Dundee waterfront

As part of our master’s research unit we looked at alternative strategies for the development of Dundee’s central waterfront zone, part of a £1 billion regeneration project for the City of Dundee. The centrepiece of this development is the £80m V&A at Dundee building designed by Kengo Kuma. Located in the central waterfront zone, the V&A is expected to be a key catalyst in reshaping the image of Dundee.

Our research looked to further explore the potential for regeneration within this zone, specifically with regard to the creation of a new public space, the economic possibilities of extending the historic city centre down to the waterfront, and the nature of the urban block. The influence of history, the possibilities of technology, and the adaptability of space were key areas of interrogation throughout all of our research.

A copy of our publication is available to view below. If you would like a copy in pdf format please get in touch. The feature image shows a historic map of the Dundee central waterfront zone, with the modern reclaimed waterline superimposed in red.

Enterprise hub

A conceptual design project for an enterprise hub, completed as a part of my work for the University of Dundee Enterprise and Employability Committee, exploring the relationship between architecture and entrepreneurship. The wider study included primary research, data analysis, and developing strategy looking at the relationship between operational models and spatial requirements. Some of the strategic research and analysis carried out has been published on the Think Different Dundee blog.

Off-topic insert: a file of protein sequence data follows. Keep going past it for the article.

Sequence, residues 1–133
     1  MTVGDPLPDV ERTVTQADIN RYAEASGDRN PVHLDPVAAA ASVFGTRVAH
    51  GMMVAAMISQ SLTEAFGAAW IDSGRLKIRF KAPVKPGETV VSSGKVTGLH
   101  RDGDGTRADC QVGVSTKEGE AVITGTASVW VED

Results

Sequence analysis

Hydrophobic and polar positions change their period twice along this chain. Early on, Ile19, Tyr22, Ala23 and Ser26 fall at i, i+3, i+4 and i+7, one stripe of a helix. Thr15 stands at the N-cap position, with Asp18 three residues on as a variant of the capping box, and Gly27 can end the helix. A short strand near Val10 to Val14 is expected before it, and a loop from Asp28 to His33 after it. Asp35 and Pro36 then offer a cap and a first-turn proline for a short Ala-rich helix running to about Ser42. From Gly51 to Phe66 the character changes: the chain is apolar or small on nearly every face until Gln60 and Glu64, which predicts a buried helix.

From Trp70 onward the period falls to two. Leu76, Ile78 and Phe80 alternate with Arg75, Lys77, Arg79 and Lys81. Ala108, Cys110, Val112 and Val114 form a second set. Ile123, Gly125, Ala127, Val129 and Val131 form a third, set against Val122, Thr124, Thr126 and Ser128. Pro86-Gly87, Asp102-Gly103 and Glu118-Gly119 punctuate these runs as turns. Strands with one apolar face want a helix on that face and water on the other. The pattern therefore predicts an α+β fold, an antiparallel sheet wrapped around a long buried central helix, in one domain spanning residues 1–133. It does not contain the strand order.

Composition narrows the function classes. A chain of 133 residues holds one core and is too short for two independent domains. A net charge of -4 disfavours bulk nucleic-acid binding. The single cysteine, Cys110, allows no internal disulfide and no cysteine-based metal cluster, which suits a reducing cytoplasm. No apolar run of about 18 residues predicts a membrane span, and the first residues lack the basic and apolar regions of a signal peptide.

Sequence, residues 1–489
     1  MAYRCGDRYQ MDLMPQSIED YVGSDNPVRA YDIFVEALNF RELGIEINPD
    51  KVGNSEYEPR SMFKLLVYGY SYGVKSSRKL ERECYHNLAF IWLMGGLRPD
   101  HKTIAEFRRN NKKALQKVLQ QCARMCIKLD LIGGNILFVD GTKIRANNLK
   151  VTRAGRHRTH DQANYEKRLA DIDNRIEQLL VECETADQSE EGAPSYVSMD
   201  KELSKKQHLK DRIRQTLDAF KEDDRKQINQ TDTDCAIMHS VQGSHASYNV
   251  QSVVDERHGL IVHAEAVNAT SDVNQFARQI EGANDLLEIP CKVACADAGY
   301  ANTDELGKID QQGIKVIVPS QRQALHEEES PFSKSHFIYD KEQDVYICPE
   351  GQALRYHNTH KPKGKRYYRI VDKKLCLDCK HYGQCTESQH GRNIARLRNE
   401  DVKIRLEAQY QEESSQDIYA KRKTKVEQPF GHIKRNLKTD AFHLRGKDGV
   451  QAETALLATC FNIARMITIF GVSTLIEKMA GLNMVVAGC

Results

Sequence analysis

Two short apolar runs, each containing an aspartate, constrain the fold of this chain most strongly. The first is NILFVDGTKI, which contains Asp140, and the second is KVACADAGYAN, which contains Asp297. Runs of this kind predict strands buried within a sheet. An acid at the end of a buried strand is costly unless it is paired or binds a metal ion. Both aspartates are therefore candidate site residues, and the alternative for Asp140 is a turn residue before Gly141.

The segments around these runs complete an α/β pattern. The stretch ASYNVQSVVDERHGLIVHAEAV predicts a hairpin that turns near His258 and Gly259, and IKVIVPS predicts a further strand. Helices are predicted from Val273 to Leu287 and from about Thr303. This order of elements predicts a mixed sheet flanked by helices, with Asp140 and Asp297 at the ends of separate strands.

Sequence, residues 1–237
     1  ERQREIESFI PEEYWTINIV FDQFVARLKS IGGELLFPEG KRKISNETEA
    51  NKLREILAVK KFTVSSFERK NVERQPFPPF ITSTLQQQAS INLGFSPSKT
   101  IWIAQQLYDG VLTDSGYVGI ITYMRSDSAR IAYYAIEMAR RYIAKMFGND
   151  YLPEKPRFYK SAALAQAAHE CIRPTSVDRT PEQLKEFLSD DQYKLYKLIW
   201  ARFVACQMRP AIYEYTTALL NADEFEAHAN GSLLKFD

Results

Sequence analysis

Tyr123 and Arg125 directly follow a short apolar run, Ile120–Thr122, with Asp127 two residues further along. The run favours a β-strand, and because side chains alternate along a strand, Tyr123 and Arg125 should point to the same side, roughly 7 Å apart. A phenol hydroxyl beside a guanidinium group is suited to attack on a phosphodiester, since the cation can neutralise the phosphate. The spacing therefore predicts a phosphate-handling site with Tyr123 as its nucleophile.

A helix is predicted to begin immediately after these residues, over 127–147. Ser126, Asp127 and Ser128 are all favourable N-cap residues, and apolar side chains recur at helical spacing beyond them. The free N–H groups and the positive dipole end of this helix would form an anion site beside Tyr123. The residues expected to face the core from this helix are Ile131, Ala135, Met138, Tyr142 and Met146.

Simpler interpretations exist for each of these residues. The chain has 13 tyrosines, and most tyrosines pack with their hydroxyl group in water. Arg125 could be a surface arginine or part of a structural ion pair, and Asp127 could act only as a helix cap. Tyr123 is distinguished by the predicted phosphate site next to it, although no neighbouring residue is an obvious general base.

Click on the drawings below to load larger images.

Architecture graphics produced using AutoCAD, Photoshop, and InDesign. The feature image shows a section drawing through the central void of the enterprise hub.

Urban block

A conceptual design research project, driven by Rationalist principles, exploring the creation of ultra-adaptable urban blocks to be inhabited by residential, retail, and commercial units. The design is driven by quantifiable data with a focus on the enduring principles for making architecture:

Spatial layout, daylight penetration and ventilation.

Structure, and spatial adaptability.

Servicing, and functional access requirements.

My master’s thesis, architecture and order in the urban block, explores these ideas in a more theoretical context and is illustrated with more abstract drawings and diagrams.

Selected drawings from this project are shown below. Click on the drawings to load larger images.

Architecture graphics produced using AutoCAD, Photoshop, and InDesign. The feature image shows a massing model and facade study for a proposed urban block.